3 Surprising Facts About Women, Love, and Sex

Science writer Patricia Barnes-Svarney is used to getting a lot of questions. Questions like “why do women crave more sex in the summer?” and “why is a guy with good dance moves so appealing?” and “are my friends bad for my love life?”

In her book published last month, Why Do Women Crave More Sex in the Summer? 112 Questions That Women Keep Asking — and That Keep Everyone Else Guessing, Patricia Barnes-Svarney answers all those and more, tackling 112 questions about women (and women and men) and the science behind the answers. Her timing was great: “Until just a couple decades ago, there were very few studies about women’s science—most of the research was conducted with men or a combination of men and women,” Barnes-Svarney explains. “Now (finally!) there are many studies that include more, or only concentrate on, women—from youth to maturity.”

We couldn’t include all 112, but here are our top three most intriguing insights from the book:

1. Women really do crave more sex during the summer.
Okay, so you may have guessed that from the title of the book. But did you know that part of the reason we get all hot and bothered during the summer is school? We’re conditioned to respond to the “bell”—when school’s out, we’re ready to play, and we feel that urge even as adults. Add to that the tighter, skin-baring clothes and the mood-boosting effects of the sun, and you’ve got a recipe for feeling frisky.

2. Falling in love comes at a cost.
The cost: two friends, to be exact. Researchers found that when new romance comes into a person’s life, their circle of close friends loses two people on average. One explanation is the need for emotional contact, which fuels the maintenance of your friendships—and which you need less of when you have a new love interest.

3. Pregnancy makes your brain smaller.
“Pregnancy brain” is no myth—there’s a reason you feel so foggy when you’ve got a bun in the oven. According to a study in the American Journal of Neuroradiology, a woman’s brain volume decreases by about four percent during pregnancy (one study specified that this occurred during the third trimester), as the brain restructures itself. But don’t worry—it returns to normal size within six months after the baby is born. And the coolest thing? Even though the brain shrinks in some areas, the forebrain that’s responsible for problem-solving and higher reasoning actually gets bigger and better!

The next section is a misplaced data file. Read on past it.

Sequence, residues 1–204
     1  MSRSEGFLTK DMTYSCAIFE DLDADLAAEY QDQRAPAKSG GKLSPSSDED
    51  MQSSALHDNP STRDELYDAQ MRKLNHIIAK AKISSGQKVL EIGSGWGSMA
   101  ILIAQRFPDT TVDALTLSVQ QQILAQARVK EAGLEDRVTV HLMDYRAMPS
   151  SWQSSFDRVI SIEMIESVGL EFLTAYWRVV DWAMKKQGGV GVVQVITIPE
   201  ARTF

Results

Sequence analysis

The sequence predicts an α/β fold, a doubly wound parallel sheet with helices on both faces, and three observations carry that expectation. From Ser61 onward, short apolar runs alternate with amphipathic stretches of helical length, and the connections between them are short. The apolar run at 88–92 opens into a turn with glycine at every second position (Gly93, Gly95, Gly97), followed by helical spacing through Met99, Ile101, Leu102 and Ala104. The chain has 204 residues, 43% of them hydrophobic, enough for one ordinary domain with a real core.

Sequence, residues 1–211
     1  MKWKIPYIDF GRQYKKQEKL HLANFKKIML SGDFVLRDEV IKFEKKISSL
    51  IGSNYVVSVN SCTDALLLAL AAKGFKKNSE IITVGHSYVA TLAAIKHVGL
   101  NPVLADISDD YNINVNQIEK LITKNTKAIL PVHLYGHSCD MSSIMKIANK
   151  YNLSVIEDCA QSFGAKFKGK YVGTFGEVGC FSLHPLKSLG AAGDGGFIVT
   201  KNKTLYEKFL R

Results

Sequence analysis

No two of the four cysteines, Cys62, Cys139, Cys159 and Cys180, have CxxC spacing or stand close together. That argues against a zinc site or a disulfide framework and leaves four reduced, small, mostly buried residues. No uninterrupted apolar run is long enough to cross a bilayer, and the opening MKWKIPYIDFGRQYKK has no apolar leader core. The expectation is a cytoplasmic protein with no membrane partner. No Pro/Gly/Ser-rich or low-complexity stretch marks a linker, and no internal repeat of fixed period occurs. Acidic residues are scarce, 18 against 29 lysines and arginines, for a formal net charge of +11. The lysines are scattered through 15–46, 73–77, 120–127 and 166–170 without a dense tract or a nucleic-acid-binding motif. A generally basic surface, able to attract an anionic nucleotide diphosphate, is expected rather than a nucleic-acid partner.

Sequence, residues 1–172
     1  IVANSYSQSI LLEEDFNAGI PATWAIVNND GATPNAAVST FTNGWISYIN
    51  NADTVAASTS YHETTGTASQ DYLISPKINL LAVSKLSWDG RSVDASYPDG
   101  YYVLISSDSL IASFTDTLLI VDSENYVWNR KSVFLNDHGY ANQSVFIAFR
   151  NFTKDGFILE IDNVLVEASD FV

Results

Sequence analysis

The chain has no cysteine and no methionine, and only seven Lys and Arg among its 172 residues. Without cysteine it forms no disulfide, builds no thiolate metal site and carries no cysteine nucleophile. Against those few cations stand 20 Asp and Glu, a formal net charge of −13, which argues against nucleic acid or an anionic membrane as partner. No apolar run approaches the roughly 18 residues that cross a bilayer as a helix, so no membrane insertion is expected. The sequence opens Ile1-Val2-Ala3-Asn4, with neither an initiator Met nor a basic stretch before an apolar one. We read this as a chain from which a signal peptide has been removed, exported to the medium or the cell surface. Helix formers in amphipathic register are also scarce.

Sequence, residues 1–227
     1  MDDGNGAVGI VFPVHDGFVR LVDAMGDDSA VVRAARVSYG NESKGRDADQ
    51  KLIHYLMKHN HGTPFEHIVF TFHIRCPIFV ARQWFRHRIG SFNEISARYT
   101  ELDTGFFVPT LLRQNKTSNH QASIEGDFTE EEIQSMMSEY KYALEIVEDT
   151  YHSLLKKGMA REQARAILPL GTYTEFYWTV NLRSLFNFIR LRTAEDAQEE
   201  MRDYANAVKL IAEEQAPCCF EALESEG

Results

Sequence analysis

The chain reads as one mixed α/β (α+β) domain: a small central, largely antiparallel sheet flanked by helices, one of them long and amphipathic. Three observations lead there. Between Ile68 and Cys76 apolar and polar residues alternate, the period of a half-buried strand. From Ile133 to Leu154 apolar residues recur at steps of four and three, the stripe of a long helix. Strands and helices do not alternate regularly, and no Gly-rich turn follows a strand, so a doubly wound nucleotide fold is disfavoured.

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Rachel L.
Rachel -1 years ago


Ruth Massey
Ruth Massey5 years ago

wow this is really interesting

Kathy Perez
Kathy Johnson5 years ago

awesome facts

Sarah M.
Sarah M5 years ago


Elaya Raja
Elaya Raja5 years ago

very interesting indeed.

Debra Griffin
Missy G5 years ago


Rachel R.
Rachel R5 years ago

I find the brain shrinking study very surprisings, particularly given that some other studies have found no effect. I would have to wonder about control conditions (like brain side fluctuations in non-pregnant woman), and also the mechanism that is supposed to underlie this. If you loose grey-matter (neurons) those are supposed to be pretty hard to get back. If you loose white-matter (the insulation that allows for transfer between areas), this would be similar although presumably less extreme that what happens in MS. Understanding either would have HUGE implications for helping people with a range of problems. (Sadly some measurement problem seems more likely, but we'd need some neuroscientists to read it and tell us!)

Tav T.
tavleen T5 years ago

interesting .. especially the last one lol

Phillipa W.
Phillipa W5 years ago


Samantha Shira
Samantha Shira5 years ago

thanks for sharing.